The final report should be available by late fall 2006. To view the May 4th climate impacts presentations and other information related to the Washington State economic impacts assessment, visit the Climate Leadership Initiative web site. Media coverage of the assessment and the May 4th symposium is available here.

4. Activities with the Federal Water Management Agencies

The U.S. Army Corps of Engineers (USACE) and the U.S. Bureau of Reclamation (USBR) play a major role in adapting water systems and water-related infrastructure throughout the West to the impacts of climate change. The following summarizes recent activities between the CIG, the USACE, and the USBR.

Briefing to the International Joint Commission (IJC)

Researchers from the CIG and the U.S. Army Corps of Engineer's (USACE) Pacific Northwest District Office briefed members of the International Joint Commission (IJC) on April 4, 2006, about the transboundary implications of climate change on management of the Columbia River system. The IJC is an independent, binational organization established in 1909 to help present and resolve disputes relating to the use and quality of transboundary waters between the U.S. and Canada.

Understanding how climate change will affect water management in the Columbia system is important given the projected effects of climate change on snowpack and timing of spring runoff in the U.S. portion of the basin. While only 30% of the Columbia River Basin is located in Canada, 50% (on average) of the Columbia's natural late summer streamflow originates in Canada. Meeting system objectives for hydropower, instream flows, flood control and other uses in a changing climate is likely to affect existing international treaty agreements governing water transfers from the Canadian portion of the basin into the U.S.

The CIG and the USACE look forward to more opportunities to work with the IJC on climate change. For more information on climate change impacts on U.S./Canada transboundary water management in the Columbia, see Hamlet 2003.

CIG/Army Corps Pilot Study on Climate Change Impacts

The CIG and the U.S. Army Corps of Engineer's (USACE) Pacific Northwest District Office are working on a pilot study examining climate change impacts on USACE programs. The study, which is currently focused on the Pacific Northwest, will draw on a technical review of USACE missions in the region and interviews with planners, operational practitioners, and managers in Pacific Northwest USACE district offices to:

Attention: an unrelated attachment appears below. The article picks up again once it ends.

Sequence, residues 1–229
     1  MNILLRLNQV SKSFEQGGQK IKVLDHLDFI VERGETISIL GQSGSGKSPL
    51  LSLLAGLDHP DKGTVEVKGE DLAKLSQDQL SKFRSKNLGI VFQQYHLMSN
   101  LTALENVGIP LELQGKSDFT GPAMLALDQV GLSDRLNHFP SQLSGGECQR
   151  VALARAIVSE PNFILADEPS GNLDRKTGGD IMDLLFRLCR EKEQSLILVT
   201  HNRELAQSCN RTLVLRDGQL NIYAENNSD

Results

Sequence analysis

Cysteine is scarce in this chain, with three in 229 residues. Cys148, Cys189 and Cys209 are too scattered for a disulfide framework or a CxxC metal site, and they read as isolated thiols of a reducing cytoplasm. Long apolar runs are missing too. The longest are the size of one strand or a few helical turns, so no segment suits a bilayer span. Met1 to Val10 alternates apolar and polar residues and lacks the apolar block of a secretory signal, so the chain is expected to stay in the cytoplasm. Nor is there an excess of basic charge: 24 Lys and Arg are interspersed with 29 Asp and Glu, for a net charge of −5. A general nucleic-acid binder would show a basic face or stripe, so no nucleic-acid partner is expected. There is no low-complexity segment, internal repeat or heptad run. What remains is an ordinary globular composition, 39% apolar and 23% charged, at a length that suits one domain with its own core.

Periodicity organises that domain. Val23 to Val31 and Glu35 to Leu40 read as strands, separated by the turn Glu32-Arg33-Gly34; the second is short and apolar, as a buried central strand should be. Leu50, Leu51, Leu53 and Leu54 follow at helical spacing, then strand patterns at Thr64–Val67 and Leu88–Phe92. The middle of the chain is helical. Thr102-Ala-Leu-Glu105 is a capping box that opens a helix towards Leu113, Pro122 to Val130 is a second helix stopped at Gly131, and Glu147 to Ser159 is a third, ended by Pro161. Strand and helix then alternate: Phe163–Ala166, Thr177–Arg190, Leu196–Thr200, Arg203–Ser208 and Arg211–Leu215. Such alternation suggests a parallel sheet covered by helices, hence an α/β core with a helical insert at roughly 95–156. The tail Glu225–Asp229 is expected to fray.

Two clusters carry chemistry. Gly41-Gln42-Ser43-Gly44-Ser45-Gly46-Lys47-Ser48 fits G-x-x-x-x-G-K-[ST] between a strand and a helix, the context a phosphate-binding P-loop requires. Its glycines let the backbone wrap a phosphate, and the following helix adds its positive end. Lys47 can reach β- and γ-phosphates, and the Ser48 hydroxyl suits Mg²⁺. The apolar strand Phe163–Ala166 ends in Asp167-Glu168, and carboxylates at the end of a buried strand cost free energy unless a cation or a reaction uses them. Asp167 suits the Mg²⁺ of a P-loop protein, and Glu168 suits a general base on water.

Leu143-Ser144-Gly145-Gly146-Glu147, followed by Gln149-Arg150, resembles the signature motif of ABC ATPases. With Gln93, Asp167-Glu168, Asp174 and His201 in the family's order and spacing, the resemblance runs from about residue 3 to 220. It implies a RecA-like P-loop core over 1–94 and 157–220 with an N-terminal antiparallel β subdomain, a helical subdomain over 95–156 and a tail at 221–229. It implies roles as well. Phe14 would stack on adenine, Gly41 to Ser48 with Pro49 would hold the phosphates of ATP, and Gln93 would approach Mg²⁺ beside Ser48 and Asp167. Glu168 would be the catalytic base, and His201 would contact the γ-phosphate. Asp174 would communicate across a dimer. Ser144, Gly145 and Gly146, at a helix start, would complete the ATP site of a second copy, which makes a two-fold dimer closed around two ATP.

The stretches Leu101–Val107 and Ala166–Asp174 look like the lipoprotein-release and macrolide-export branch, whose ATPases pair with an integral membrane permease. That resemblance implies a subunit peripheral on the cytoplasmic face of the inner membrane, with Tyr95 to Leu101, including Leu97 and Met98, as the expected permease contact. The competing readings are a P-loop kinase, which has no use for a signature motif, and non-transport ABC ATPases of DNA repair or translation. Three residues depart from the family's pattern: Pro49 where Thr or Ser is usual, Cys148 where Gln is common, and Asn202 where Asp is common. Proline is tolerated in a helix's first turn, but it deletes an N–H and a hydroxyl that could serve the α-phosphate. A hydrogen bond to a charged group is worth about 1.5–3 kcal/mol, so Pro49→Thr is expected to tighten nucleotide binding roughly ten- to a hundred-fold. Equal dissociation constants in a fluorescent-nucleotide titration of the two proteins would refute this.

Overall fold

In doing so, the CIG and the USACE will identify procedures for incorporating climate information into USACE planning and management activities, and develop guidelines for estimating climate-related uncertainties in current planning processes. Phase I of the project is underway (identifying vulnerable missions and conducting interviews). A foundation report summarizing these findings should be complete by the end of 2006. Additional details on the work will be provided in future issues of the PNW Climate CIGnal.

Yakima River Basin Water Storage Feasibility Study

The Yakima River Basin Water Storage Feasibility Study was begun in 2003 in response to local concerns about the reliability of water supply for agriculture, threatened and endangered fish, and community water supplies in the Yakima Basin. The study includes evaluating the feasibility of a major new off-stream storage reservoir (Black Rock Reservoir) in the basin.

Climate change is an important consideration for the project given the scope of the study. To that end, the CIG is providing guidance to the U.S. Bureau of Reclamation (USBR) on evaluating the impacts of climate change on the Naches, Yakima, and Upper Columbia River basins. The USBR's assessment will evaluate how changes in mean monthly runoff by mid-21st century will affect water management in the basin. A major focus of the analysis is assessing the probability of occurrence associated with different climate scenarios. Additional details on the work will be provided in future issues of the PNW Climate CIGnal.  

5. CIG research on snowpack trends featured in Time Magazine

Research by CIG researchers Dr. Philip Mote, Alan Hamlet, and Dr. Dennis Lettenmaier was recently featured in Time Magazine's April 3, 2006 special issue on climate change. Dr. Mote, Mr. Hamlet, and Dr. Lettenmaier have examined trends in snowpack throughout the western United States and have found that much of the mountain West has experienced declines in spring snowpack, especially since mid-century, despite increases in winter precipitation in many places. These results are significant given the reliance of Western States on winter snowpack for summer water supplies.

For more information:

6. CIG in the news: Recent media stories

Recent media stories featuring CIG research and/or researchers include the following:

Additional news items are available at CIG in the News.